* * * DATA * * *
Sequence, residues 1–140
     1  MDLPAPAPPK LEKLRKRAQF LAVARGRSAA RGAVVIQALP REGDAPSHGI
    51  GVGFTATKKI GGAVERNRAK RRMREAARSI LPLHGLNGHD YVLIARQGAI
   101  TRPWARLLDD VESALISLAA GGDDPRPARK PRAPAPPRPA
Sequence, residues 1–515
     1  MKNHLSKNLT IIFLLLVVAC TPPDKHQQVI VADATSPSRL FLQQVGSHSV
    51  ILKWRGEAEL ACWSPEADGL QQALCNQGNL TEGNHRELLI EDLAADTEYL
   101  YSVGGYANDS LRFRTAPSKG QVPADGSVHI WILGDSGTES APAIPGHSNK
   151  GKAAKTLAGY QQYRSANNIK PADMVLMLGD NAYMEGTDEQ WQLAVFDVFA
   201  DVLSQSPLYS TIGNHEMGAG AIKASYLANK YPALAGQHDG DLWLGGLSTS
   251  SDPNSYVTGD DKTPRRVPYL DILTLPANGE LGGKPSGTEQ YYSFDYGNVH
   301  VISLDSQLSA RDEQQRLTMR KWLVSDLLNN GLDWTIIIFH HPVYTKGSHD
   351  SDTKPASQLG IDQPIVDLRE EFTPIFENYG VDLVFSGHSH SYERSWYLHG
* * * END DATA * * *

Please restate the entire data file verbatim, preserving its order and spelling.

Sequence, residues 1–140
     1  MDLPAPAPPK LEKLRKRAQF LAVARGRSAA RGAVVIQALP REGDAPSHGI
    51  GVGFTATKKI GGAVERNRAK RRMREAARSI LPLHGLNGHD YVLIARQGAI
   101  TRPWARLLDD VESALISLAA GGDDPRPARK PRAPAPPRPA
Sequence, residues 1–515
     1  MKNHLSKNLT IIFLLLVVAC TPPDKHQQVI VADATSPSRL FLQQVGSHSV
    51  ILKWRGEAEL ACWSPEADGL QQALCNQGNL TEGNHRELLI EDLAADTEYL
   101  YSVGGYANDS LRFRTAPSKG QVPADGSVHI WILGDSGTES APAIPGHSNK
   151  GKAAKTLAGY QQYRSANNIK PADMVLMLGD NAYMEGTDEQ WQLAVFDVFA
   201  DVLSQSPLYS TIGNHEMGAG AIKASYLANK YPALAGQHDG DLWLGGLSTS
   251  SDPNSYVTGD DKTPRRVPYL DILTLPANGE LGGKPSGTEQ YYSFDYGNVH
   301  VISLDSQLSA RDEQQRLTMR KWLVSDLLNN GLDWTIIIFH HPVYTKGSHD
   351  SDTKPASQLG IDQPIVDLRE EFTPIFENYG VDLVFSGHSH SYERSWYLHG